Task force narrows its leader search

Nicole Stempak


The sustainability manager will recommend the most efficient ways for Kent State to use its natural resources and reduce environmental impact. This may mean changes to Dining Services, Residence Services or even a required class about sustainability.

The university is reviewing about 35 sustainability manager applicants, one of whom will lead Kent State’s effort to reduce its carbon footprint.

President Lester Lefton charged the university to form a Sustainability Task Force to measure the university’s sustainability initiatives, and in doing so, he created a university sustainability manager position during his “State of the University” address in September.

The task force will be the body that evaluates Kent State’s options and recommends best practices to the administration, said Tom Euclide, co-chair of the task force.

“The best practices that we use at Kent State may not be the best practices that Arizona State uses, for instance, or Purdue or whoever it might be because we have (a) different environment and a different personality to the campus, and it just might not work the same way,” said Euclide, executive director of facilities planning and operations.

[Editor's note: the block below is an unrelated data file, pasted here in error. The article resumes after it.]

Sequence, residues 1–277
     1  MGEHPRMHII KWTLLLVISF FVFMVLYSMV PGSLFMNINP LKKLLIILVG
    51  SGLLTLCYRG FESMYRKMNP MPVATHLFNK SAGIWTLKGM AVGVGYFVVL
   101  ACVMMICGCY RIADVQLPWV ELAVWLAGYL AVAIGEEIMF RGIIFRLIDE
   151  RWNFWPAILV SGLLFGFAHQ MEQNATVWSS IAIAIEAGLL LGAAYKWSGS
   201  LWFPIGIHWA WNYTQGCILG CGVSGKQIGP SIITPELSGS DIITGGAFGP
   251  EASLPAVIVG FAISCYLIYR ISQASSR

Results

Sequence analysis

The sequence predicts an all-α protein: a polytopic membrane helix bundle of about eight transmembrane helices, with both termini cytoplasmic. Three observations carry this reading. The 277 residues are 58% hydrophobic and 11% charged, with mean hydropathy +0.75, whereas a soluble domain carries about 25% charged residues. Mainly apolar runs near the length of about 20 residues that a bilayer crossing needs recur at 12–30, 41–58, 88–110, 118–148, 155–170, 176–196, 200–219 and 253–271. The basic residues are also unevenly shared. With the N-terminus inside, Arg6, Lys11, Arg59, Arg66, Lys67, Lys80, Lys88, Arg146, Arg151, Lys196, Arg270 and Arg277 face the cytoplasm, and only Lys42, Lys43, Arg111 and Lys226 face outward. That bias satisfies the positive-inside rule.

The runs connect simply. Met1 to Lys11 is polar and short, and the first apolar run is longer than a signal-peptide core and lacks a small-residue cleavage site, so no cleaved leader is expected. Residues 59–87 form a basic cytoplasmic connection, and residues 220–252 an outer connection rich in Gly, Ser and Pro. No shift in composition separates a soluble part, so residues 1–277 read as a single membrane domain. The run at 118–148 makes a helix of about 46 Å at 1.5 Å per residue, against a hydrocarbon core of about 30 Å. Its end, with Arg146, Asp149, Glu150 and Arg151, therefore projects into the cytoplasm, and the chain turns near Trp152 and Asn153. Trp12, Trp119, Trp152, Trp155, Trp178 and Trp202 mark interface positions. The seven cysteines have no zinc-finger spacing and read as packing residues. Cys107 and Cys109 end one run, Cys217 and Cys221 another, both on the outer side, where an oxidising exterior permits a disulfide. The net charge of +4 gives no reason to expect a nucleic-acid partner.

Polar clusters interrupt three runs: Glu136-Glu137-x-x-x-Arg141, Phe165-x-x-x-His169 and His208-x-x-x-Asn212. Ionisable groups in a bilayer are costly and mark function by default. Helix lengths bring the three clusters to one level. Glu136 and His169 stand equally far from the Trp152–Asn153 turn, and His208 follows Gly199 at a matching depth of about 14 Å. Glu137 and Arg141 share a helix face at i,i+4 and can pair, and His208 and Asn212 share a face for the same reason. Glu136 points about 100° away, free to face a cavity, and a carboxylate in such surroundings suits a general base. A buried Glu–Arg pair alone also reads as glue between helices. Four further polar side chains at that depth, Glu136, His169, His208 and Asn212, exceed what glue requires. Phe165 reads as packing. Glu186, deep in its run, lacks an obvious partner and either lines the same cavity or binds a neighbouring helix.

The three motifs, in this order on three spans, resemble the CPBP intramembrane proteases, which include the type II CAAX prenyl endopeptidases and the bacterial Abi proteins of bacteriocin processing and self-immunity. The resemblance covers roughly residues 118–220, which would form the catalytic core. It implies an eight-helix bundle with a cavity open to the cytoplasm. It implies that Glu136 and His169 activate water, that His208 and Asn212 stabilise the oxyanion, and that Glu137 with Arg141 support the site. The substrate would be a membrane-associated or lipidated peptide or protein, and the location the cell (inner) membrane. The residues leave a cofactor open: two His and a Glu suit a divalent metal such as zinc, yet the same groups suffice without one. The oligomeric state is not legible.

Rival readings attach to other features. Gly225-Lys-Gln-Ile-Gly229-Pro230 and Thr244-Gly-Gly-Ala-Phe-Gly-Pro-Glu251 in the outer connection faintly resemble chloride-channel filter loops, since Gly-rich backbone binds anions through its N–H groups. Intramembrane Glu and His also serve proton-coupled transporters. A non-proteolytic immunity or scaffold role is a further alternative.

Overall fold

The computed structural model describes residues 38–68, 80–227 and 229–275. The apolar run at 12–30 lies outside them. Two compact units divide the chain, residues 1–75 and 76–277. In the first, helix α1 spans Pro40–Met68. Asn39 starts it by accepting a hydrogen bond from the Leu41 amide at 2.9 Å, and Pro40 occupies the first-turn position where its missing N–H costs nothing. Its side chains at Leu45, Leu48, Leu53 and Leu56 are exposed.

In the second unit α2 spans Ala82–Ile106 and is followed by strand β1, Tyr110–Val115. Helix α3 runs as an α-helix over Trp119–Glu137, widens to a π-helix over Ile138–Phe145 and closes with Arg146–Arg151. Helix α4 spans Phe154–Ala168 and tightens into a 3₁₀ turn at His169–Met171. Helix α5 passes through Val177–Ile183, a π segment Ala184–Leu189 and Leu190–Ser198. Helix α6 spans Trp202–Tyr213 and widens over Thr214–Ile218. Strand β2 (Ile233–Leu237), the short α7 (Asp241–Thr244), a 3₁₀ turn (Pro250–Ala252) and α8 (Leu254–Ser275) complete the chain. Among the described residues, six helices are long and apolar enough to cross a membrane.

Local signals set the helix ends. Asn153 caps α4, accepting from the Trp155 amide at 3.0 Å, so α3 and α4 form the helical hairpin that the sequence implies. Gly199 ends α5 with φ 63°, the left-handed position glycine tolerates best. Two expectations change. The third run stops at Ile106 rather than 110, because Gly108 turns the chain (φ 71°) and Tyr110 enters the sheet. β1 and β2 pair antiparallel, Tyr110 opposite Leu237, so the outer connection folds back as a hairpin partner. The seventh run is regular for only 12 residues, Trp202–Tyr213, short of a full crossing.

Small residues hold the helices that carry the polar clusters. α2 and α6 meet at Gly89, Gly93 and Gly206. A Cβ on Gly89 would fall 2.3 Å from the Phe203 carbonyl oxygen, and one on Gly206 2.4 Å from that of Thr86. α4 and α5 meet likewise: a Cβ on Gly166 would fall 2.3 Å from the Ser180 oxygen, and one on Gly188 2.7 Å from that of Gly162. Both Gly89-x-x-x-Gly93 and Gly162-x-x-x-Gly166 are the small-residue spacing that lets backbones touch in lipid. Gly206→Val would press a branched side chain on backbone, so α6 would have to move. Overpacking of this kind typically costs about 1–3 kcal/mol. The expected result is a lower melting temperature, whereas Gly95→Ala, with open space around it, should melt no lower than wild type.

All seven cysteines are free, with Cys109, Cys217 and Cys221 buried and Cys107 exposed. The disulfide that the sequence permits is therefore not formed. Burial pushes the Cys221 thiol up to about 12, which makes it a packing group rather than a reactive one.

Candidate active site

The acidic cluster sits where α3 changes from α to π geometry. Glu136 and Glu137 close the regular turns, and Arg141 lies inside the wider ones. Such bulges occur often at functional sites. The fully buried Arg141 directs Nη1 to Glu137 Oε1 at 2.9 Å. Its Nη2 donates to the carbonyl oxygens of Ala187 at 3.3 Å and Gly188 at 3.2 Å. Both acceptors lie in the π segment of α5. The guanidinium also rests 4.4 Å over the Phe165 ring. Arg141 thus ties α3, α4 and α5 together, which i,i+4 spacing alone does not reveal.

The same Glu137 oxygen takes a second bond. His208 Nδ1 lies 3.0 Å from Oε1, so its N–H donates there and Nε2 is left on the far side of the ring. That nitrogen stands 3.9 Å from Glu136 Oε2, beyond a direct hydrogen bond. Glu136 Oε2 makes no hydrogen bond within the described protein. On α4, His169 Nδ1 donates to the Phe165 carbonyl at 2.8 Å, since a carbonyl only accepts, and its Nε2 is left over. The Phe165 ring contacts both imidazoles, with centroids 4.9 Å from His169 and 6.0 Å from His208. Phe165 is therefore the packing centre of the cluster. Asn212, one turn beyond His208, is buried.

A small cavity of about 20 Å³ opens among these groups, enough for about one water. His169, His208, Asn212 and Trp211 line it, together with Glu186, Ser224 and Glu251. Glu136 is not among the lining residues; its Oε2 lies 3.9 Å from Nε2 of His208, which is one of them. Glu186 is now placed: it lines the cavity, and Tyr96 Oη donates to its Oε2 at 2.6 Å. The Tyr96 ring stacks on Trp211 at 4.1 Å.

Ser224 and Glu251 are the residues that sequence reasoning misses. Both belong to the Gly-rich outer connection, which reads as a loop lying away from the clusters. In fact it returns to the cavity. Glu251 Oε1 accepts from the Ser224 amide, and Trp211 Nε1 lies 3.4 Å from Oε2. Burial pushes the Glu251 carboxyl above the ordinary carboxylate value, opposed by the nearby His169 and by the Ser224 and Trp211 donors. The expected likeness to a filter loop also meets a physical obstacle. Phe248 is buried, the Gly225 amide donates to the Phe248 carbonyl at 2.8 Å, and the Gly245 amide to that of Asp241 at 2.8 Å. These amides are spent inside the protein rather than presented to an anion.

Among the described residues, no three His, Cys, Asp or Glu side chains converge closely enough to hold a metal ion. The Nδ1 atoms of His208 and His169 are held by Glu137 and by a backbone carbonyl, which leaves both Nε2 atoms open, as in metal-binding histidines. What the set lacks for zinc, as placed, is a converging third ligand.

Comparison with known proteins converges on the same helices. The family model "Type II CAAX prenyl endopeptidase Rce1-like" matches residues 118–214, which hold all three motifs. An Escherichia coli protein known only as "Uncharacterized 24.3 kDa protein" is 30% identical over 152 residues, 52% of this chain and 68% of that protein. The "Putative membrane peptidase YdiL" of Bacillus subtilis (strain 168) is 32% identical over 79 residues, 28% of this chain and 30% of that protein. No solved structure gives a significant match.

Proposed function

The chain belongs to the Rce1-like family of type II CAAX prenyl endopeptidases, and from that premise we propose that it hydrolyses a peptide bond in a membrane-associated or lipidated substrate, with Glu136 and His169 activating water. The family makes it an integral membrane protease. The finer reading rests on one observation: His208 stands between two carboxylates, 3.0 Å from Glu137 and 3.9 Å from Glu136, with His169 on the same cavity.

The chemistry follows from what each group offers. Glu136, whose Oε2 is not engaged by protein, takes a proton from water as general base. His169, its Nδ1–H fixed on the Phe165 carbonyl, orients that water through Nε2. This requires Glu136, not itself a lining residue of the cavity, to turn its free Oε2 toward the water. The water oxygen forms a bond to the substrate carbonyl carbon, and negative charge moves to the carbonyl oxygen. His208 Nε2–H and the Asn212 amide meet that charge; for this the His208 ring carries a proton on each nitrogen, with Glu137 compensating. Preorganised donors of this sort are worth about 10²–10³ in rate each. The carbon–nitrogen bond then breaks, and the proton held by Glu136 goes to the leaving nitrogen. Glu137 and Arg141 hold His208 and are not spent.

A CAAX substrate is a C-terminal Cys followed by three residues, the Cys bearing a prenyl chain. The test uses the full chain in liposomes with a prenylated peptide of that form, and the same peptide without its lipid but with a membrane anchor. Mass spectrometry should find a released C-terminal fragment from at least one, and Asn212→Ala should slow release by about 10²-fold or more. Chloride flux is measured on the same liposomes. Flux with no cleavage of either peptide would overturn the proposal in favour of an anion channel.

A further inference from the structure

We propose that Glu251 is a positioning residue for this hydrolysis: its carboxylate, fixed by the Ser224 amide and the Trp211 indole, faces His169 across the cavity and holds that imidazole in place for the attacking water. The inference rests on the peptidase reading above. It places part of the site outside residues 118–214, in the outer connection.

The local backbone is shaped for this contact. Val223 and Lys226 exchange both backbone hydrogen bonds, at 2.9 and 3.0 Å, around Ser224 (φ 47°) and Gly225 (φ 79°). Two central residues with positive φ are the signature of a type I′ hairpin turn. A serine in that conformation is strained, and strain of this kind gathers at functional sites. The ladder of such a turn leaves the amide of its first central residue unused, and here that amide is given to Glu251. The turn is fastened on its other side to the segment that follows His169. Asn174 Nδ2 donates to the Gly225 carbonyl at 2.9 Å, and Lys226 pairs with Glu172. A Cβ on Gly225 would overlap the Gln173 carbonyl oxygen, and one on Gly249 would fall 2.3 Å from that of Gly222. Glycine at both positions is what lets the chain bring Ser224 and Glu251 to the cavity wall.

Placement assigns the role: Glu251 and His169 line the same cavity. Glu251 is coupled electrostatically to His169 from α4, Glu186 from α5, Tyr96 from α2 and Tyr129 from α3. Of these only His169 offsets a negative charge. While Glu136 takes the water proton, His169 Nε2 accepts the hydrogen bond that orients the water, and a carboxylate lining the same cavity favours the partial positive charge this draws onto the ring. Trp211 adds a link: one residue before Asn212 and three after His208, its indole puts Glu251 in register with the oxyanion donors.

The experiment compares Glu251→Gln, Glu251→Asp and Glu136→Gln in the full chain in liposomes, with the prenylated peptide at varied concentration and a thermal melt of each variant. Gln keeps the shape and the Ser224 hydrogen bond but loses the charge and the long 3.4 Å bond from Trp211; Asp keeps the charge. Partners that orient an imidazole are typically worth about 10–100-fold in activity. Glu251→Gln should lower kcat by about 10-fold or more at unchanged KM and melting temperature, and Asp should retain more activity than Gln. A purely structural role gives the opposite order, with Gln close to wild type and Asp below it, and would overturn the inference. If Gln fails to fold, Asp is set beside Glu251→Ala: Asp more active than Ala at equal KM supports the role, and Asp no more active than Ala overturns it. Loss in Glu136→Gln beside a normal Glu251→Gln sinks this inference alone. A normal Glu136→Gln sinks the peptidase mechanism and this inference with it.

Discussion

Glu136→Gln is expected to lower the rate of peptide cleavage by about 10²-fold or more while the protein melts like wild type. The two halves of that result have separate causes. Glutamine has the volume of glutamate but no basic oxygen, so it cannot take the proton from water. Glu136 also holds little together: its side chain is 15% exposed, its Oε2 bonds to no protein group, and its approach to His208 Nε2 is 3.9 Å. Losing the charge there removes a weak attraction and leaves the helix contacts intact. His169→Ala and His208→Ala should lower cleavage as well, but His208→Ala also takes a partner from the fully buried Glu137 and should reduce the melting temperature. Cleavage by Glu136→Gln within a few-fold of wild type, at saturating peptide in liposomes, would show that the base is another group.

Sustainability is a movement to operate efficiently with very careful utilization of natural resources. Sustainability also measures the byproducts of the university’s actions.

This includes deciding whether Dining Services should use paper or plastic plates or dishes that can be washed and reused, said Gregg Floyd, vice president for finance and administration.

Floyd and Provost Robert Frank are funding the sustainability manager position through their offices.

Euclide said they are reviewing the applications, with applicants from as far away as Australia. He said he expects the sustainability manager to help guide the group as well as manage the information so Kent State can adopt the best policies.

Euclide said there are close to 100 faculty, staff, community and students on nine subcommittees. The subcommittees are looking at issues, such as trying to involve students in the residence halls, energy and energy procurement, and fruit and vegetable purchases for Dining Services. Another group is focusing on academics and is trying to find ways to incorporate principles of sustainability into curriculum for every degree offered at Kent State.

“(With) the integration of all of this into virtually every study, there is an impact you really have from just about anything you do here,” Floyd said.

Floyd said his former employer, Indiana State University, started tracking its carbon footprint a couple years ago. The calculations included additional things that people normally wouldn’t think about, such as how far away the employees lived from the university.

“If you employ people from a distance, they’re contributing to the carbon footprint if they’re driving and essentially using fossil fuels to and from work,” he said. “It’s just so exhaustive the kinds of things that we do that have an impact either on the consumption of scarce natural resources or that impact the environment.”

A 2007 Ohio House bill about energy efficiency recommended public higher education institutions reduce their on- and off-campus building energy consumption by at least 20 percent by 2014.

Contact administration reporter Nicole Stempak at [email protected].